Even for those who meditate on a regular basis, a peaceful frame of mind can be disrupted when there is a near-miss incident in traffic, a loved one has a crisis, or 50 percent of your retirement savings has been lost in the stock market.
Daily life has many ups and downs that can affect your equanimity and balance. It is important to acknowledge and experience your feelings without denying them, otherwise they go “underground” in your body and can lead to physical illnesses such as irritable bowel syndrome (IBS), headaches and other stress-related disorders.
Bringing awareness to how our bodies are responding moment to moment each day is a good way to track what we are feeling on a subtle level. If you notice tightness in the jaw, for example, you may want to ask yourself if you are feeling angry about something. Tightness in the belly can indicate hidden fear or anxiety. Muscle pain in the shoulders may indicate you are taking on too much responsibility. Focus on breathing deeply and relaxing those specific muscles that are tight.
Step back from whatever situation you are experiencing and observe it from a non-judgmental, neutral-but-kind state of higher intuition. If you practice doing this, you probably will begin to see that you or others are caught up in “ego” needs of clinging to how we think life should be, instead of accepting reality as it presents itself to us in the moment.
Here are some simple steps for sampling meditation. It’s easier than you may think! Start out by trying this for just a minute a day, then add minutes to your practice when you feel comfortable going longer. Soon, you’ll be meditating for 15 minutes or more a day, and reaping the rewards.
Step 1: Visualization is a pleasant practice to help you prepare for meditation. Visualizing being in a safe, relaxing place can be very helpful. A tense state and a relaxed state cannot happen at the same time. Visualize, for example, sitting comfortably on a beautiful beach in the warm sun, with a wonderful breeze, the sound of the waves gently rolling in and out, the feel of the warm sand under your feet, and gazing at the vast blue sky. You feel peaceful and happy with your self and the world around you. Notice how your tension melts away.
Step 2: Sit comfortably in a quiet place the same time every day and bring your attention to the flow of your breath. Allow your body to relax and feelings, thoughts and sensations to rise and fall away without carrying you away. If they do, bring your attention back to the flow of your breath with compassion (not struggle or judgment).
The breath is like an anchor to the present moment as you let all else flow through you without resistance, clinging or pushing away. Practicing meditation daily in the same place at the same time helps develop more ease, healing and rejuvenation to your mind, body and life in general.
These practices can take a few seconds throughout the day, or you can extend them into 10 to 20 minutes or more.
Breathing—it’s the first thing we do when we come into this world, and it is the last thing we do when we leave it. During our life, breathing becomes automatic, and we don’t take the time to focus on it to realize its full value or potential. Breathing is essential to the assistance of movement. Breath is energy. The movement of breath through our bodies is the movement of energy through our physical, mental, emotional and spiritual selves. Joseph Pilates created his wildly successful fitness training system not because he was searching for a better way to train the physical body, but because he had asthma. He was unable to breathe, and so was unable to exercise. So, he studied yoga to learn how to breathe. From there he studied bodybuilding and boxing. He then went on to become a nurse. It was from this combination of Eastern and Western philosophies and medicine that he created his wellness system, which he called Contology. Today we call it Pilates in his honor. Pilates practitioners will tell you that the combination of breathing, movement and concentration creates a strong, lean and flexible body and provides the added bonus of stress relief.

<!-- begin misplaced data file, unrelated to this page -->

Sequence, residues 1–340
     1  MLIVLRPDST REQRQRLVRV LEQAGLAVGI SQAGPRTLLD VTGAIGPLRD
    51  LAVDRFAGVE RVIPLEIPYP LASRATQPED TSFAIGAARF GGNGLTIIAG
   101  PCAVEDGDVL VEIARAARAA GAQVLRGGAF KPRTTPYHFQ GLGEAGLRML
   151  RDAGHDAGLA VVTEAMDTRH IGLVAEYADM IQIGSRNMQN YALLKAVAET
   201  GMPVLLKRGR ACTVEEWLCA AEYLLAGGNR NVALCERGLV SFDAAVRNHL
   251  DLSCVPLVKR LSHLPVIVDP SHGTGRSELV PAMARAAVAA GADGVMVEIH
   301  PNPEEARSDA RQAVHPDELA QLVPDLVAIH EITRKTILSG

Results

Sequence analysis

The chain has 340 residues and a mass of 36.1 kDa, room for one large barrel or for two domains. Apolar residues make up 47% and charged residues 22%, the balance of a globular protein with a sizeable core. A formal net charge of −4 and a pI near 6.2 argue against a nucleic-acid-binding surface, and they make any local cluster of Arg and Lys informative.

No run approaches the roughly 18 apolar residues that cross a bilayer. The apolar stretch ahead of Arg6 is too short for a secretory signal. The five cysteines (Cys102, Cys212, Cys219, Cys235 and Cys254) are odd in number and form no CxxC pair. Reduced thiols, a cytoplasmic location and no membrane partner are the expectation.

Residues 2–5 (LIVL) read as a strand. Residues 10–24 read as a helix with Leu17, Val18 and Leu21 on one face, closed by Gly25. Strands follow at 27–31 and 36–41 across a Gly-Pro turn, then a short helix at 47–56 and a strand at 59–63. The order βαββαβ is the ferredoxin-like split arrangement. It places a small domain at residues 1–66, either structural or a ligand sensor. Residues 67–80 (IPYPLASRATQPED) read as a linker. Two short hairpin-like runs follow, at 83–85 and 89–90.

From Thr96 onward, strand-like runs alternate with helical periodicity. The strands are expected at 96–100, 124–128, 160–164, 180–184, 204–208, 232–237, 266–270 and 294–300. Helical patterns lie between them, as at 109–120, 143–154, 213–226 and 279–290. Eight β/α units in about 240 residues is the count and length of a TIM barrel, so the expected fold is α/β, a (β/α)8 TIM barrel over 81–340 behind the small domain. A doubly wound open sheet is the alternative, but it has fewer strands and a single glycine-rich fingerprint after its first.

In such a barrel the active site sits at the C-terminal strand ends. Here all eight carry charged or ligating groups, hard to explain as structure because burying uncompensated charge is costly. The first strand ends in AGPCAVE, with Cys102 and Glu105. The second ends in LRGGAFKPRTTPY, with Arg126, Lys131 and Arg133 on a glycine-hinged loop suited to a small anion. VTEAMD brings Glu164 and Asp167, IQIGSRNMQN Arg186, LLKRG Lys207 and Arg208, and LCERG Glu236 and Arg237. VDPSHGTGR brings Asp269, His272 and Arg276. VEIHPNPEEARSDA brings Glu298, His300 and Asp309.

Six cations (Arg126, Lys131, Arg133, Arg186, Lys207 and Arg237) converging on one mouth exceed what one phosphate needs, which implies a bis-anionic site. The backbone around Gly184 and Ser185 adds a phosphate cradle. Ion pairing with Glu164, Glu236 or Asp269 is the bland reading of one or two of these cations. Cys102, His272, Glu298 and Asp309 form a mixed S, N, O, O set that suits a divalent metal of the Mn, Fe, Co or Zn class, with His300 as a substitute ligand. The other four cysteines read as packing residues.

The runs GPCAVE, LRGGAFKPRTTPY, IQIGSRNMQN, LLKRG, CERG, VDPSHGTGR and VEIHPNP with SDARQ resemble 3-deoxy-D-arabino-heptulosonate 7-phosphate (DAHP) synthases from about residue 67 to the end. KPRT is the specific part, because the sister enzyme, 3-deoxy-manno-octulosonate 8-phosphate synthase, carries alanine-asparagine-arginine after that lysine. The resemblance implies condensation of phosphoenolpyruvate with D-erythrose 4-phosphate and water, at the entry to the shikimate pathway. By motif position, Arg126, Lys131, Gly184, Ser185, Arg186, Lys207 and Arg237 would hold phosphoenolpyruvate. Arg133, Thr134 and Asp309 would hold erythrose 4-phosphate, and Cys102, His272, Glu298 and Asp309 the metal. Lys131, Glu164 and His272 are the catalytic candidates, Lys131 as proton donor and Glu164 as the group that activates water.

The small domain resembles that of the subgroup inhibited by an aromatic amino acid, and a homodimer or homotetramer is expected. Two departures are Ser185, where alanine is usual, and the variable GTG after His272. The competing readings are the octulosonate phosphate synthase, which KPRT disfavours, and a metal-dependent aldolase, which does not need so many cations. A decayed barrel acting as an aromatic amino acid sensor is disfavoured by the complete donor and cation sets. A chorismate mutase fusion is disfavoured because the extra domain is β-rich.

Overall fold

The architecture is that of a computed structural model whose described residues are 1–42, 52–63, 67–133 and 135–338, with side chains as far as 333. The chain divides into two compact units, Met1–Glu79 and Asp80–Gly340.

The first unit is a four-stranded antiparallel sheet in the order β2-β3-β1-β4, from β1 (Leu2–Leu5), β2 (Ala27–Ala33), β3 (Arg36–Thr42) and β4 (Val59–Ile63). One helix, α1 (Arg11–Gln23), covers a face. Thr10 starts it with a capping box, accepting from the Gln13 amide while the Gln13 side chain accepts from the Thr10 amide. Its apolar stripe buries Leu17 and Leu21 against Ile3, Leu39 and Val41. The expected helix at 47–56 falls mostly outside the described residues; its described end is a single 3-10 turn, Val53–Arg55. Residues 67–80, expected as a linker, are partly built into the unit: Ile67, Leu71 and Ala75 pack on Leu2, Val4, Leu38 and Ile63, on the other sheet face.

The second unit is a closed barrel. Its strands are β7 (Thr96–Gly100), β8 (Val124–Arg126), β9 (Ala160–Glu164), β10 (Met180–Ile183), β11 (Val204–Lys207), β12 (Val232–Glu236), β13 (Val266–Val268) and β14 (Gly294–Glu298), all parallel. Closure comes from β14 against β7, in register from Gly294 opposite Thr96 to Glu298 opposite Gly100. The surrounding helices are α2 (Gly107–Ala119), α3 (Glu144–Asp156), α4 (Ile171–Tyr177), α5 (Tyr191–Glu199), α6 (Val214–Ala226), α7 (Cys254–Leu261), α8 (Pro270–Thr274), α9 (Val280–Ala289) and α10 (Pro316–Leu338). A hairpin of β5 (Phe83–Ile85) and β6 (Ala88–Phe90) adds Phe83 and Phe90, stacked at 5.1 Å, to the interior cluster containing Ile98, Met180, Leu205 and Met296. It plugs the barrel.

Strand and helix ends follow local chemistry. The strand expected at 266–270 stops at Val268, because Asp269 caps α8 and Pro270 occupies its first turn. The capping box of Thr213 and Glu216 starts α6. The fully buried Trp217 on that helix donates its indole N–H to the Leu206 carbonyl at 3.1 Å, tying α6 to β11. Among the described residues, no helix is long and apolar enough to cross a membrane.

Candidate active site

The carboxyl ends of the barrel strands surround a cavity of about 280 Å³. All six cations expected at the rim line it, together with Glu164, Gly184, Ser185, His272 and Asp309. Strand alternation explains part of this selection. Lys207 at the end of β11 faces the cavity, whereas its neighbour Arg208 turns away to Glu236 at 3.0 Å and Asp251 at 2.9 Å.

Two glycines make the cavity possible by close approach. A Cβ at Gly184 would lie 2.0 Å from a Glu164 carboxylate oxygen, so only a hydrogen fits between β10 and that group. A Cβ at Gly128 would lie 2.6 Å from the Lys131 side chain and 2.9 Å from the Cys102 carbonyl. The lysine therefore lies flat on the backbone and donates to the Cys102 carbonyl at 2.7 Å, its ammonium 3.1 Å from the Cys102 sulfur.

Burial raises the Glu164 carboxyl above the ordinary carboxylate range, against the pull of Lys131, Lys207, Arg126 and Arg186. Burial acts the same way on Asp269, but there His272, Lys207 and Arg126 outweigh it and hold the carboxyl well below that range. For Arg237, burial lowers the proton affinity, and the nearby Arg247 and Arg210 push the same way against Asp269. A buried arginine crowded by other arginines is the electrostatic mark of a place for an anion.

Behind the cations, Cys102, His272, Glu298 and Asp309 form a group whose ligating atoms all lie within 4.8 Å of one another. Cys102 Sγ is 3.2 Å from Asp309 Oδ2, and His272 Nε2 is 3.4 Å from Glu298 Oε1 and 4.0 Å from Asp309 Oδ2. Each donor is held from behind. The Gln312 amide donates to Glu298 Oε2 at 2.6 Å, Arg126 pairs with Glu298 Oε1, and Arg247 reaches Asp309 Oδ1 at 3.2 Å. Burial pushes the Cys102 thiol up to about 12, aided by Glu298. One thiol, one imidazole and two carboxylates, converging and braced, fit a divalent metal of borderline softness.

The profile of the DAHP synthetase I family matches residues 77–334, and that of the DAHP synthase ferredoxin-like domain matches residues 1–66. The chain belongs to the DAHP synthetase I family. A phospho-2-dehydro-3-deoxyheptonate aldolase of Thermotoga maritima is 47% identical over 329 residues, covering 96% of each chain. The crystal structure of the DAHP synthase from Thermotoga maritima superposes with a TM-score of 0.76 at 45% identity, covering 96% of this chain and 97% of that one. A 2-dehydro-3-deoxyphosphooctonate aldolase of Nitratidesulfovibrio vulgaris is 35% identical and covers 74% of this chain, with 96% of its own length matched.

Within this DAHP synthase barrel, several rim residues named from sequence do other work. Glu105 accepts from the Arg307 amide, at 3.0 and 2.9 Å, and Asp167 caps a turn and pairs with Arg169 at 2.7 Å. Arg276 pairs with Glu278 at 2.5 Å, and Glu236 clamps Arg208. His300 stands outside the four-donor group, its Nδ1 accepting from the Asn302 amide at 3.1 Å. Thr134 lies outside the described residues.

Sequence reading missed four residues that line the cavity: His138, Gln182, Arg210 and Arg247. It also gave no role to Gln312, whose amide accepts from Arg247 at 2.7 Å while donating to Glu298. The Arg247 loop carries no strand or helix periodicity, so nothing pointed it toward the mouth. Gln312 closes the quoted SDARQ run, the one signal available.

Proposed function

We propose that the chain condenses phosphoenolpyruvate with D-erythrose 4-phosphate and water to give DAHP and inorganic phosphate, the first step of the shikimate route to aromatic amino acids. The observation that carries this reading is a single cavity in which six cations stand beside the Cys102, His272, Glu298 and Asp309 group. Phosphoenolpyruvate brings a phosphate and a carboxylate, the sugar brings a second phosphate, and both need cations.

—Rebecca M. Silvey, owner, Alpha Pilates, Alpharetta, www.alphapilates.com
The Brain Wave Vibration Technique
Dahn Yoga’s Brain Education programs offer an effective but amazingly simple meditation technique to release the “fight or flight” stress response and tap into the full potential of the brain and its healing effect on the body: Brain Wave Vibration (BWV).
BWV focuses on the brain stem, the part of the brain that controls breathing, heart rate, stress response and the body’s other autonomic functions. If we give our brain and body the same loving treatment that we use to soothe a stressed and crying baby: rocking, gently shaking and vibrating, or rubbing and tapping with our hands, we can soothe and regulate our brain and nervous system and help our body “rest and digest.”
In other words, your brain stem becomes the master of your body and starts to talk with your body once again, saying, “Hey, body, relax! We don’t need that headache or stomachache. It’s OK to fall asleep. Lose that tightness, shoulders, neck and jaw. And smile more! Let’s be healthy, happy and peaceful!”
Experiencing the brain through BWV is a way to bring practice out of yoga class and into everyday living. By learning to become the master of your brain, you can become the master of your life.
To learn more about BWV or try a class at one of Atlanta’s eight Dahn Yoga centers, visit www.dahnyoga.com. You can also visit www.brainwavevibration.com to see how-to videos and check out the book Brain Wave Vibration by Ilchi Lee, creator of the Brain Education and Dahn Yoga programs.
—Penny Costanzo, Brain Education trainer and Dahn Yoga instructor